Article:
It’s always interesting to see the changes from Spring Training to the regular season. Some players come out of Spring Training looking great, then immediately struggle to start the season. Some players come out of Spring Training looking horrible, then look dominant at the start of the year. Then there’s some players who stay the same, good or bad.
Tim Alderson is one of the guys who looked much improved in Spring Training. So far he’s carried that success over to the regular season, even getting an early season promotion to Triple-A.
The international hitters in West Virginia have also carried over a strong Spring Training to the regular season. I was impressed with Alen Hanson, and had Gregory Polanco as a breakout candidate due to his hot hitting throughout the Spring. Both are off to great starts in low-A.
Then there’s the guys who looked great, but have struggled during the regular season. Alex Dickerson was playing against high-A teams, and sometimes against Double-A teams. In the final weeks of the Spring, when rosters are pretty much set, Dickerson was dominating high-A pitching. Then he entered the season and immediately saw his power disappear. He’s seen that return in the last two games, with a double and a home run on Sunday, and a home run on Monday. Those were his only extra base hits of the year.
Stetson Allie showed improved command this Spring. He did struggle with his control later in extended outings, but anyone who saw him throughout the year last year, and saw him this Spring, could tell the difference. But in his first two outings during the season, he has shown no control at all. I’ll have more on Allie on the site this week.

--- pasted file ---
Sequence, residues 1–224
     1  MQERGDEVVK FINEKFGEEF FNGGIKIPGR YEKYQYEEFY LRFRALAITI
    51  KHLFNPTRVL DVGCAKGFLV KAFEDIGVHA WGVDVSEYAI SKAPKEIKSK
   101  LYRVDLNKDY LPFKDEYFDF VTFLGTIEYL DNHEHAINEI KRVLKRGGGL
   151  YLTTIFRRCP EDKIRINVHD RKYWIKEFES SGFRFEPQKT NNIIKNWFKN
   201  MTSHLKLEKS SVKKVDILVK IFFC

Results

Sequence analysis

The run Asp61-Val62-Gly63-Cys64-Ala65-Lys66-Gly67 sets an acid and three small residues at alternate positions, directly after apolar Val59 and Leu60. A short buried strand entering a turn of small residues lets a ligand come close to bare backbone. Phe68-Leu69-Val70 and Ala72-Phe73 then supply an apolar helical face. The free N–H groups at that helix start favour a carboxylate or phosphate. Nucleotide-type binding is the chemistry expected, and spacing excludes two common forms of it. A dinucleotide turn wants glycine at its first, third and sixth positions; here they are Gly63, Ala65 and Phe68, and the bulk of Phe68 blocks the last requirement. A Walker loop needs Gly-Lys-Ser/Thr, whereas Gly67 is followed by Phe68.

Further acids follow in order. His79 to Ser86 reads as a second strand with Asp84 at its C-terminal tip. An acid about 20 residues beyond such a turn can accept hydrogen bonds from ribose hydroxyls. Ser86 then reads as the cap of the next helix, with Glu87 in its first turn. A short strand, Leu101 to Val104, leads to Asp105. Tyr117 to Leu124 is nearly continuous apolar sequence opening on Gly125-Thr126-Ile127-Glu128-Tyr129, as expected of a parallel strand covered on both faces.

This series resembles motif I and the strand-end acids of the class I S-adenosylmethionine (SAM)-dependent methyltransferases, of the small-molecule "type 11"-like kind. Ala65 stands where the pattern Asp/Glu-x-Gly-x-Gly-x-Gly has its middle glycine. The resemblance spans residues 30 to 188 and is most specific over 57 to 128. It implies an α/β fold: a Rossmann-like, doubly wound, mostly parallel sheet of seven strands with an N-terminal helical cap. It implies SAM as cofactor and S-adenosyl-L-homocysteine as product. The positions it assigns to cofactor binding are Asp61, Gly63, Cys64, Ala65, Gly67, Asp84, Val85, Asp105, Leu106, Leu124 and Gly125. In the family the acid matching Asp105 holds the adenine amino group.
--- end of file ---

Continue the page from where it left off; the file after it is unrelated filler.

Matt Hague had a hot Spring, then went 1-for-9 in the majors, and has a .208 average and a .490 OPS in 24 at-bats since going down to Triple-A.
It could just be a sample size issue. The question is, which small sample size is legit? If a player gets off to a hot start in the Spring then fades when the season starts, is that a case where the Spring Training stats don’t matter, or is that a case where the player is just getting off to a slow start?
Typically I give more credit to the guys who are doing what they did in Spring Training. If a player was a strong performer in the Spring, and carried that over to the regular season, I’d tend to trust it, as I do with Alderson and the West Virginia international hitters. If a player struggles in the Spring, and also struggles during the start of the season, I’d also trust that. For the other cases, where the two different small sample sizes don’t match up, I’d want to wait for a bigger sample size before coming to a conclusion.
As for why the changes happen, it’s one of the great mysteries of baseball.
Links and Notes
**The Pirates were postponed today. They will play a double header on Wednesday.
**Prospect Watch: Alex Dickerson hits his second homer in as many nights. Stefan Welch hit two homers.
**Pirates Notebook: Another Lefty Could Join the Bullpen.
**Sunday’s Prospect Notebook: Tim Alderson Needs to Earn a Spot in the Rotation.